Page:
True English fruitcake—sumptuous, evocative, intoxicating— is something you can love. Here is a recipe dedicated to you for Christmas—especially to my friends who think they hate fruitcake. It’s a revelation: continue reading here for the recipe and story.
In my recent article for Zester Daily, I wrote about the gelato explosion. One thing is for sure, gelato is on the move from its Italian home base as more and more entrepreneurs set up shop all over the world using Italy’s state-of-the-art equipment, designed for small-batch, artisan production.
Following up on my last post about Rimini, here’s the scoop about why I was in that famous beach resort last month. No, it wasn’t to sunbathe or take in the nightclubs. It was to join the World Gelato Tour which, after circling the globe and picking finalists along the way—including two American gelato makers, Matthew Lee from Austin and Stefano Versace from Miami—the contestants had a “cook-off” to vie for the World Cup. Here are the stars, the winners, the flavors, and the backdrops—and a photo gallery of the three sweet days I spent in Fellini’s native town to join the jury in discerning who should win the title.
A tour of Carpigiani HQ outside of Bologna took in their Gelato University, and the Gelato Museum…
MEC3, a Willie Wonka-like factory that makes the base ingredients used for making gelato and frozen desserts.
To find out who won and the ingredients in the winning flavors, continue reading here. Thanks to the Italian Trade Commission and the many dedicated organizers of Gelato World Tour Rimini for making this trip possible. Special thanks to Valentina Righi, Communication and Public Relations Manager for the Carpigiani Group, for enlightening me about the nutritional value of eating gelato for lunch at least three times a week!
Last year nearly to the day, I wrote a post about A Day Cooking with the Duchess at the ancestral Lampedusa palace in Palermo, where I spent a weekend that was spectacular indeed. With so many photos to post there was no room for a recipe. Here, you’ll find a version of the Duchess’s pistachio pesto that I adapted for American kitchens. (And by the way, if you live anywhere near Westchester County, New York, the Jacob Burns Film Center in Pleasantville will be showing Luchino Visconti’s film adaptation of Il Gattopardo, The Leopard, in this year’s Italian Film Festival on May 19, […more…]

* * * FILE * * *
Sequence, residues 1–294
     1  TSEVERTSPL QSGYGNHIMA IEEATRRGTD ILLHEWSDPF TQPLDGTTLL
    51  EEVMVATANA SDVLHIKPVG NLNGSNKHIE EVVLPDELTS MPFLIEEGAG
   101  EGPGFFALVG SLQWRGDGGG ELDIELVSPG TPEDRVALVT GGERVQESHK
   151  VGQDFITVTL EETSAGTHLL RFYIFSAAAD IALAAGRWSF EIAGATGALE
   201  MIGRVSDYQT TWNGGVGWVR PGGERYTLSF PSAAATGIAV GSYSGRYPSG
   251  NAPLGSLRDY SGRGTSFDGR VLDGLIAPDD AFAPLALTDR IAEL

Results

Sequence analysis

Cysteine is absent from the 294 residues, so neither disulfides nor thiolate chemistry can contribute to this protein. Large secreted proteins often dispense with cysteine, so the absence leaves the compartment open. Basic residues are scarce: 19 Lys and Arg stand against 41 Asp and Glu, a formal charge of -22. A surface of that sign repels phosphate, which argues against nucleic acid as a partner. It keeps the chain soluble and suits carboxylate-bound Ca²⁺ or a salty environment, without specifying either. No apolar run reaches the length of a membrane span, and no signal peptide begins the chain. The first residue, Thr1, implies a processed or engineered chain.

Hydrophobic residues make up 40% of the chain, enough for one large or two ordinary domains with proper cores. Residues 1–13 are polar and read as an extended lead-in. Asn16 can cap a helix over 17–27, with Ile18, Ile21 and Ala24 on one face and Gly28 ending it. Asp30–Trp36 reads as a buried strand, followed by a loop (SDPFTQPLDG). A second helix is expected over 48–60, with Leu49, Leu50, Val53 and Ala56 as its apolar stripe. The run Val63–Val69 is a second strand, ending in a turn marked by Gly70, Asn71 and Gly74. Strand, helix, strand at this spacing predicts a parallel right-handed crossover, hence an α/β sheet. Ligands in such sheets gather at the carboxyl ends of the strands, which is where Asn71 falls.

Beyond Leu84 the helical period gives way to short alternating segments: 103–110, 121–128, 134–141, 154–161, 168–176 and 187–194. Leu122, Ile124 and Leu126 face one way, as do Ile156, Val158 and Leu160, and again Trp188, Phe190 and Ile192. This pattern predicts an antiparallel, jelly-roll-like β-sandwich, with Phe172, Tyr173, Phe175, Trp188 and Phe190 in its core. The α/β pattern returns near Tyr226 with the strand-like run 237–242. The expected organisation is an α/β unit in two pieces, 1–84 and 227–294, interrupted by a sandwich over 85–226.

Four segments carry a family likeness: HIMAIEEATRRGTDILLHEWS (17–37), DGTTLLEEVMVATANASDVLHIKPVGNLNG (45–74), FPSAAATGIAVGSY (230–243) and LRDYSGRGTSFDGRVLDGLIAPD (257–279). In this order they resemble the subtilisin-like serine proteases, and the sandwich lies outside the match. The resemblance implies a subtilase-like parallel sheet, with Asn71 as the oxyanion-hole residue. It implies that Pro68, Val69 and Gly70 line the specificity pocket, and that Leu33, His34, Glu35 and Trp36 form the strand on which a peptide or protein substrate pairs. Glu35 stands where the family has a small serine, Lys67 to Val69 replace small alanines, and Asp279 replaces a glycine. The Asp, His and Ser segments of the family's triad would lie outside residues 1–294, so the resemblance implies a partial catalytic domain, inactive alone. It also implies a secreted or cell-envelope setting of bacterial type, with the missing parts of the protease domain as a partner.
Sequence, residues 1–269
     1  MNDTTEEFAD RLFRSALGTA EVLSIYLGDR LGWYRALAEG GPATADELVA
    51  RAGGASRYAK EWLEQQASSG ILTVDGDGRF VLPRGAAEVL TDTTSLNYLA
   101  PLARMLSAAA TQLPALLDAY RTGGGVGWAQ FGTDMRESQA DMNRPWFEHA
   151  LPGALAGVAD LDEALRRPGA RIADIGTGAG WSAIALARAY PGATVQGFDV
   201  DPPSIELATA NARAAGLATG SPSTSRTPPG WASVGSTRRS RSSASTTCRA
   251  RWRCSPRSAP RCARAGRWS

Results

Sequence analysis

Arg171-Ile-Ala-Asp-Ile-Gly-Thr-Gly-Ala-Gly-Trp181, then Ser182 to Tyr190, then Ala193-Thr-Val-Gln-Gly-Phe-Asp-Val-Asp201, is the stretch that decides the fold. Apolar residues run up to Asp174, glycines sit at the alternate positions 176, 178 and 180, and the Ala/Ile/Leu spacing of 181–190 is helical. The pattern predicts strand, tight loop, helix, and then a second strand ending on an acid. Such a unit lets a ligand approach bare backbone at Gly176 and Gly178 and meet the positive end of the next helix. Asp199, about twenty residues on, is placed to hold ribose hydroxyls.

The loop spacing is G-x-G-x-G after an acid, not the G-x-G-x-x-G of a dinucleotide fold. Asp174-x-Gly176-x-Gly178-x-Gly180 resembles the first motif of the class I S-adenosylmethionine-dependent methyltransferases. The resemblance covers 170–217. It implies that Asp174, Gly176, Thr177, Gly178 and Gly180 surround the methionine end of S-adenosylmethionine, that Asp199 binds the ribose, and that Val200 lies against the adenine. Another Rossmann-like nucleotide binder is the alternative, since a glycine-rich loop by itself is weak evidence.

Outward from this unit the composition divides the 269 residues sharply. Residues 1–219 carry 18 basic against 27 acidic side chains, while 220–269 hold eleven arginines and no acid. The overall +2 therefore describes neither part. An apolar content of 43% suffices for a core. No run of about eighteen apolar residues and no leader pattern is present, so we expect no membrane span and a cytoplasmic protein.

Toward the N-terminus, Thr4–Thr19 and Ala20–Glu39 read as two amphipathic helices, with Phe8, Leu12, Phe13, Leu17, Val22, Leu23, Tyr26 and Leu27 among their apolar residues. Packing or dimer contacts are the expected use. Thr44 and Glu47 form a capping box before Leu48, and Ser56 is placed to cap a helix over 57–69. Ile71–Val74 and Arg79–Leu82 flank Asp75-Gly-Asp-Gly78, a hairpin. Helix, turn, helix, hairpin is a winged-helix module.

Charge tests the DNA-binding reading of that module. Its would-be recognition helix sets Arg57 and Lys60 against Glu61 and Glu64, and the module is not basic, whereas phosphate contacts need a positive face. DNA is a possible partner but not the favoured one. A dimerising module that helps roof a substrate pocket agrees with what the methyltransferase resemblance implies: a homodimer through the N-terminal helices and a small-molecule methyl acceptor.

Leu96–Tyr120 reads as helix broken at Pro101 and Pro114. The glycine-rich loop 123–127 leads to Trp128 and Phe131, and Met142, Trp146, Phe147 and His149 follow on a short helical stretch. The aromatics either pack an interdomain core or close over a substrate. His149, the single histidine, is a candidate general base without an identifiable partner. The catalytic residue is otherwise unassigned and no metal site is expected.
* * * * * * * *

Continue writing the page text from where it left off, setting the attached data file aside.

At long last, a streak of warm sunlight beams through my kitchen window. The day brings to mind Easters in Rome and the city’s abbacchio, butter-tender baby lamb, and the first artichokes of spring. No one, but no one, makes lamb and artichokes taste better than the Romans, though my mother would disagree. Being from Sardinia (Sardegna) where some of the best artichokes in the world grow under that island’s blazing sun, the thistles are a religion in her house. In a region where there are nearly twice as many sheep as people (some 3,000,000 of them to about 1,675,000 Sards), you know […more…]
On a recent morning in Palermo, I found myself a guest at the historic Lanza Tomasi palazzo, where Nicoletta Polo, the Duchess of Palma, was planning a cooking lesson for American students who would arrive after breakfast. I first met Nicoletta some twenty years ago when she was living in New York City. Originally from Venice and an excellent cook, she versed me on the food of the Veneto for research on a book I was writing then, which includes some of her recipes. Today the Duchess lives in the ancestral palace that her husband, Gioacchino Lanza Tomasi, has restored. […more…]
And for which I promised a recipe in a recent post (December 15). Just the remedy for February’s chill. Go to RECIPE> After I finished off producer Piero Catalano’s bottle of Suavis, the aged vinegar from Sicily’s desert island (“The Other Face of Balsamic” [December 15 post]), a small flask of Modena aged balsamic vinegar took its place in my cupboard. Unlike the Suavis, a souvenir from my September in Trapani (I drank it as a cordial, an “amen” to the day, blissful thimbleful by thimbleful and it was gone by January), aged Modena balsamico can be more easily replaced. […more…]
Photo by Nathan Hoyt At a recent cooking class at the Silo, the cooking school on Ruth and Skitch Henderson’s old estate in New Milford, CT, I decided to demonstrate one of the quickest and easiest pasta dishes of the Italian kitchen: spaghetti alla carbonara. Call it Italy’s version of bacon and eggs if you will–with pasta added. No question that it’s sturdy fare for cool weather, but it’s also a fast summer fix for lunch or dinner–I first ate it as a young girl on a sizzling August day in a trattoria along the Amalfi coast. Outside of Italy, this […more…]
Eataly has a gem of a little cooking school. I taught there in April, timed for the season’s first crop of the precious winter flower of Treviso. Because Eataly carries the uncommon long-ribbed “tardivo” variety of radicchio, I showed my class how to make a stupendous and simple dish with it: Sauteed Spaghetti with Radicchio. The recipe appears in my most recent cookbook, Italian Home Cooking: 125 Recipes to Comfort the Soul (Kyle Books, NY and London, 2010) To buy this book click here Radicchio belongs to the chicory family (cichorium intybus) and there are four different types: – elongated red Verona […more…]